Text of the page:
I think that’s a very important issue that we seldom address — the reader’s part in the story. As writers, we don’t need to tell them everything. We need to leave some spaces to let them react and feel and bring their own experiences into the story, so they can feel an intimate part of it.
My current release — Lost in Shadow written as Jocelyn Kelley — starts with:
â€œIt was murder. Murder most foul.â€
At the whisper, Jade Nethercott glanced up from the book she had taken from a shelf.
I wanted an ordinary woman to have something extraordinary happen to her, and I set the tone and the expectation with a whisper you normally don’t expect to hear when you are standing by a bookshelf. Also I hoped to create a frisson of eager, kind of creepy excitement in the reader who wants to now find out what’s going on.
11) Make the characters consistent. A strong woman wonâ€™t stand by and let the hero fight her battles for her.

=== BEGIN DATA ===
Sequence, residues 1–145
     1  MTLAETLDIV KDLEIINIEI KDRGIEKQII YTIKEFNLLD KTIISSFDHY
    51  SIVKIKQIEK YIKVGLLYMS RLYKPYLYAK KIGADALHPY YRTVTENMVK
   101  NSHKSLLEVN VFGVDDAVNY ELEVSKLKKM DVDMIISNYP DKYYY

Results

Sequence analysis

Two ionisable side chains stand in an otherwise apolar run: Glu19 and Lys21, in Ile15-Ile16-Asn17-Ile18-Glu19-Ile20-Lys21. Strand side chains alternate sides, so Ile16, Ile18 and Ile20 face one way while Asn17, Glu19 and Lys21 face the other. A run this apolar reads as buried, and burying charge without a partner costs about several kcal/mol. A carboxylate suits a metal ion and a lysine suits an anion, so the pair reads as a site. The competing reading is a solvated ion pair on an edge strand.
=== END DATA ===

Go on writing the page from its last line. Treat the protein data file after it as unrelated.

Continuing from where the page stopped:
Okay, this is one of my pet peeves. Writers talk about writing kick-ass heroines, and then they have her stand to one side and do nothing any time there is a threat to the characters. You can start with a heroine that needs to find her inner tigress, and that’s okay, but at some point, the heroine has to stand up on her own two feet and face her fears. That’s not something the hero should do for her. She has to do it herself — no matter how hard it is. Having his love can help her do it, but she needs to do it herself. So in your opening, we have to see either that she’s already kick-ass or she has the potential to be. Ask yourself why any amazing hero other than Dudley Do-right (okay, he’s not amazing, but let me finish the point) would want a heroine who just stood to one side and wrung her hands or screamed like a character in a teenage horror flick while he’s getting the stuffing beat out of him (either physically or emotionally)? A strong hero deserves a strong heroine and vice versa. And those strengths need to be visible right from the first sentences.